Stem Cell Guidelines


  • University of Miami Researchers Enter Phase 3 of Stem Cell Clinical Trial in Treating COVID-19 Acute Respiratory Distress Syndrome
    A University of Miami Miller School of Medicine research team has launched a Phase 3 multicenter clinical trial to evaluate the effectiveness of mesenchymal stem cells in treating COVID-19 patients with acute respiratory distress syndrome. Dr. Ricordi said the new clinical trial builds on the successful completion of a Phase 1/2a trial, launched in April 2020 by an international team of scientists to explore the safety and effectiveness of MSCs in blocking severe lung inflammation in COVID-19 patients.

  • Stem Cell Agency Funds Three New Clinical Trials at Stanford
    Today the governing Board of the California Institute for Regenerative Medicine (CIRM) awarded $30.98 million to Stanford University to fund three clinical trials.  This brings the total number of CIRM-funded clinical trials to 75.

  • Brain Organoids Mimic Head Size Changes Associated with Type of AutismVariations in the 16p11.2 region of the genome are associated with autism spectrum disorder. While people with genetic deletions in this region have larger heads (macrocephaly) and people with genetic duplications have smaller heads (microcephaly), both variation types affect brain development and function. To study the effects of these variations and search for ways to minimize their impact, University of California San Diego School of Medicine researchers are using brain organoids — tiny, 3D cellular models generated in the lab from people with 16p11.2 variations.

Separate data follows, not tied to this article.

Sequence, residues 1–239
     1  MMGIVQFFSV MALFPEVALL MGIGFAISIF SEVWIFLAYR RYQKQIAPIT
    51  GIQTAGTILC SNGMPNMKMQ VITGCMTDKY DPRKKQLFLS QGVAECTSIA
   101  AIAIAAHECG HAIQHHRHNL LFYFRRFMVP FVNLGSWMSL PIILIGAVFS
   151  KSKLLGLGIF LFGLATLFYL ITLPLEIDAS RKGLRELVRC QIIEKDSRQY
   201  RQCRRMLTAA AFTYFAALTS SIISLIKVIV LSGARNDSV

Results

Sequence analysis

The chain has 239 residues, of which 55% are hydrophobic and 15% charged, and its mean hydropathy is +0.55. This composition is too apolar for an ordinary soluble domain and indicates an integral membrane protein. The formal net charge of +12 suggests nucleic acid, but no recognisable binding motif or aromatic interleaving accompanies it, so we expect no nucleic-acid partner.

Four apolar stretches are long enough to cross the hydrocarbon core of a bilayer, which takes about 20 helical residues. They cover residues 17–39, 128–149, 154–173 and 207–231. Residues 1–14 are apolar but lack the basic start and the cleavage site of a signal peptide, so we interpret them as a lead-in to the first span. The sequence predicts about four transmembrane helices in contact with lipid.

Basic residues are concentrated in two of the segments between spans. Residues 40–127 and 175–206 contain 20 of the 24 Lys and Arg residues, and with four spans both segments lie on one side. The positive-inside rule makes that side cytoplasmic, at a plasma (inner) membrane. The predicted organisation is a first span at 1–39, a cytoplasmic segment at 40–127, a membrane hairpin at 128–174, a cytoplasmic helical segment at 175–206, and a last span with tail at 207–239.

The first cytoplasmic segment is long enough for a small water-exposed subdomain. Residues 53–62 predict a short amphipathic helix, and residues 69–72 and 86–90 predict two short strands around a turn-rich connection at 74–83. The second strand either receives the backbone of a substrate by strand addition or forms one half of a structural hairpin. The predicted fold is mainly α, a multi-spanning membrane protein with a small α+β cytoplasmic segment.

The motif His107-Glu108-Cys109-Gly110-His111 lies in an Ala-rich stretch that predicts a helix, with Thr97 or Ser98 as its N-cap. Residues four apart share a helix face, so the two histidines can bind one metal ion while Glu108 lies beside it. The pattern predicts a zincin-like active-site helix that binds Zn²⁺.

• Researchers Use Stem Cells to Make Insulin-Producing Pancreatic Beta Cells
    The human body can be genetically inclined to attack its own cells, destroying the beta cells in the pancreas that make insulin, which helps convert sugar into energy. Called Type 1 diabetes, this disorder can occur at any age and can be fatal if not carefully managed with insulin shots or an insulin pump to balance the body’s sugar levels. But there may be another, personalized option on the horizon, according to Xiaojun “Lance” Lian, associate professor of biomedical engineering and biology at Penn State. For the first time, Lian and his team converted human stem cells into beta cells capable of producing insulin using only small molecules in the laboratory, making the process more efficient and cost-effective.